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Ep 65 | 8 Planting Errors… And How To Avoid Them

As we’re heading into the highly anticipated planting season, the Helpful Gardeners wanted to send out a little PSA on the common planting errors and how to avoid them.

1. When Planting Directly into a Pot, Make Sure It Has Drainage Holes

If you’re creating annual planters this growing season, make sure your pots have drainage holes to allow excess water to escape and not breed pathogens. When planting containers, make sure to select pots that have drainage holes. Now, if you’re committed to a pot

Planters Tip: Always remember to pull the growers pot off prior to planting in a pot or garden bed. gently massage the pot to loosen it and tip the plant out. Never pull the crown of the plant as you’ll risk damaging it.

2. Use the Correct Soil for the Application

What vessel are you growing in? For container gardening, a heavy soil won’t drain properly or encourage strong root development. A top soil won’t nourish garden beds enough to promote healthy plant growth. 

Garden Bed: Your main goal with garden beds is to amend the soil. Last year, your plants may have depleted the soil returning it to what we call, top soil. Yes, a fertilizer program will help to grow your plants, but there’s nothing better than an amended soil bed. Use products like compost, worm castings, volcanic mineral dust, etc. 

Containers/Pots: Use a lighter medium, like a bagged potting soil because it contains peat moss or coir to allow for better drainage and pockets for root development.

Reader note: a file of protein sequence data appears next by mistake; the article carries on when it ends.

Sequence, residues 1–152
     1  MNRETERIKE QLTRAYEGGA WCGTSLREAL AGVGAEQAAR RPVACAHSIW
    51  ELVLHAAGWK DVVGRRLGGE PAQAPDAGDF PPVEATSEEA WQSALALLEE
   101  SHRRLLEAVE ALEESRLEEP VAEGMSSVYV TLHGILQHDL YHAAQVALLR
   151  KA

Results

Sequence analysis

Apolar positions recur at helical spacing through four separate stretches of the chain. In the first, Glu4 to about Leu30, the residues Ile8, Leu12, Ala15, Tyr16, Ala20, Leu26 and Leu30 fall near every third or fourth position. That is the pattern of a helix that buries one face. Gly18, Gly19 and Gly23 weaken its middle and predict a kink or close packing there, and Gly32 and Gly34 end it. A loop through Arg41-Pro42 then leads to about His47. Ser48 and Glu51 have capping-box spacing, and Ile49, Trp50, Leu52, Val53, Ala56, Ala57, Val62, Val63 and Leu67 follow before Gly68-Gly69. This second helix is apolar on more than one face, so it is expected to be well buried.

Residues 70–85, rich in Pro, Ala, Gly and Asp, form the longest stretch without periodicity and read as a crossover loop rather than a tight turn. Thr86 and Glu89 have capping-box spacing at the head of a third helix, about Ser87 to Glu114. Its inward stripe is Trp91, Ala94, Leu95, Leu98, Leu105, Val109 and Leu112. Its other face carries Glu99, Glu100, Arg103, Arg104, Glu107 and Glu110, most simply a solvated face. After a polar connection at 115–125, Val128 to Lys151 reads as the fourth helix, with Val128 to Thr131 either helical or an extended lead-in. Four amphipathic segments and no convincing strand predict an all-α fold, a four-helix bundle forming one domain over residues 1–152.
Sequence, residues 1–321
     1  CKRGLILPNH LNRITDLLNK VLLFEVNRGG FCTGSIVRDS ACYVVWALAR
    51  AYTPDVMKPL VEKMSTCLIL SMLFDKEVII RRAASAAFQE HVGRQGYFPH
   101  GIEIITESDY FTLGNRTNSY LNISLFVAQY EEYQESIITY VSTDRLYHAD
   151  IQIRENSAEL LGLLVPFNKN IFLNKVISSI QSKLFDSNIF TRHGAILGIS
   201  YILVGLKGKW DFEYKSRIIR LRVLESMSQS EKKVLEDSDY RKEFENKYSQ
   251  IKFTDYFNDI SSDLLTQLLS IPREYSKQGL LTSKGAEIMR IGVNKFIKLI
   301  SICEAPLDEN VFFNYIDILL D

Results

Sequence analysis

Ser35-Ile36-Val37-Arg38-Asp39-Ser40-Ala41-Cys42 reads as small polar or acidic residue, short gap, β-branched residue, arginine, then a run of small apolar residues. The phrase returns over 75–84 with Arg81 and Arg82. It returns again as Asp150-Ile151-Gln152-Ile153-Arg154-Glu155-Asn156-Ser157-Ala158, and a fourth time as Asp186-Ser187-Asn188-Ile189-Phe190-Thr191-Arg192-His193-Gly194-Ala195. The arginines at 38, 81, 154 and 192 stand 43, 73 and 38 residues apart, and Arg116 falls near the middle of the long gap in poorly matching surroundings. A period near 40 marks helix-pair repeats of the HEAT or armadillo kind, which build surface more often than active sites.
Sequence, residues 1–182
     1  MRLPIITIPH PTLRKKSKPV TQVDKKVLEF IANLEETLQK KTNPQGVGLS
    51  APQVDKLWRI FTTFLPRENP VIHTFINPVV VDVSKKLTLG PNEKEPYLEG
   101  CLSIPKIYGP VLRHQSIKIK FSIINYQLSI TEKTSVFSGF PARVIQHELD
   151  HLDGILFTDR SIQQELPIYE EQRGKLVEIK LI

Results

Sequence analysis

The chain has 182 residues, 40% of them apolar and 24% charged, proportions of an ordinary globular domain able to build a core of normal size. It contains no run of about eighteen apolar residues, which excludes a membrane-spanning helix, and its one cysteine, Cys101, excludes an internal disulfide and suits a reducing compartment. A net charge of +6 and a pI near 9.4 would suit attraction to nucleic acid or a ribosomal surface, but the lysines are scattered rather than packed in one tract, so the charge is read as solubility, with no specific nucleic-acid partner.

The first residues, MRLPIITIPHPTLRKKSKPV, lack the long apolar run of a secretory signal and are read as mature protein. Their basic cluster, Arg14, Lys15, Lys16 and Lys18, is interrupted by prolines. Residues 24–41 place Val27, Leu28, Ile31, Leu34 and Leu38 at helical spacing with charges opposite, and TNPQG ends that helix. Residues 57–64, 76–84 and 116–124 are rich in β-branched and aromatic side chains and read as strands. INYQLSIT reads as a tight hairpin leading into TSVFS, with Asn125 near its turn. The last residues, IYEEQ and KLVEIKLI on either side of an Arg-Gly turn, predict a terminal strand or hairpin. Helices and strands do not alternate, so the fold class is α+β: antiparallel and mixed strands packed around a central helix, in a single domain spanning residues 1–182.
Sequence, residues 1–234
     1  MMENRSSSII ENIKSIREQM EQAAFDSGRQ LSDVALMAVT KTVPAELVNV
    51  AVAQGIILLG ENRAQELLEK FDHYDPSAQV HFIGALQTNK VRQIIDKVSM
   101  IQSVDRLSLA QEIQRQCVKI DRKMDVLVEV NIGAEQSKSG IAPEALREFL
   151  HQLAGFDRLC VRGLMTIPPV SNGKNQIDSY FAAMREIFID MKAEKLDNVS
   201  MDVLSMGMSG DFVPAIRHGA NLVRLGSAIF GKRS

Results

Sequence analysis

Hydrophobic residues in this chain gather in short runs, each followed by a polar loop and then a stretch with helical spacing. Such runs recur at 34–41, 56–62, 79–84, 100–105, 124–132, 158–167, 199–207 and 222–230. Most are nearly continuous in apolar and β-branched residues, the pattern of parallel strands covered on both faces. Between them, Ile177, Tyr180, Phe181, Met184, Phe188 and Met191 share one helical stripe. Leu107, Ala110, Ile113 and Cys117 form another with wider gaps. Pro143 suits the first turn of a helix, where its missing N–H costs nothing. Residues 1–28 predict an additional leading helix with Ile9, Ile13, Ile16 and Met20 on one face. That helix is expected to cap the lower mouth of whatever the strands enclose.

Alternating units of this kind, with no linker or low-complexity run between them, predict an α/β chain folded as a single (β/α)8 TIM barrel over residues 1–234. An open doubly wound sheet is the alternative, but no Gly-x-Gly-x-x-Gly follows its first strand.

3. Climatize Correctly

You know how 10 degrees can feel so different depending on if it’s spring or autumn? In the spring, we welcome it with shorts and light jackets because it’s warmer than the bitter cold of winter. In the autumn, we bring out our chunky knit sweaters and campfire blankets because it’s colder than the last few months of glorious summer. When our plants are accustomed to a pampered upbringing in greenhouses and living rooms, we need to help them transition to the great outdoors. Bring seedlings indoors during chilly nights if possible. It goes the other way too. Reduce the amount of time seedlings are in hot direct sunlight during days that are +30. Your plants will thank you!


4. Careful of the Crown! Don’t Lift Plants By They’re Stems

There’s a lot going on at the crown of the plant and it’s important that the stem stays strong and intact. Whether your transporting your plant or removing the growers pot, try not to do so by the stem. The root ball of the plant is typically heavier than the rest of it, so there’s a higher chance of disconnection when under stress.


5. Plant at the Correct Depth to Encourage Gas Exchange

To echo the previous point, there’s a lot going on at the crown of a plant. The stem assists in gas exchange, so if planted incorrectly, you run the risk of suffocating your plant. Planting depth is even important in trees despite their tough exterior. There is the crater vs volcano method with trees and shrubs. The crater method ensures soil and mulch aren’t built up around the trunk of the tree.

Planting steps for tree or shrub | Space for life

Now, some plants can be planted below soil level or in different mediums. For example, tomatoes have little hairs on their stem called trichomes, which have the unique ability to form roots after making contact with soil. When planting tomato plants below the soil surface, the plants growth will be stunted, but can help with staggered harvests.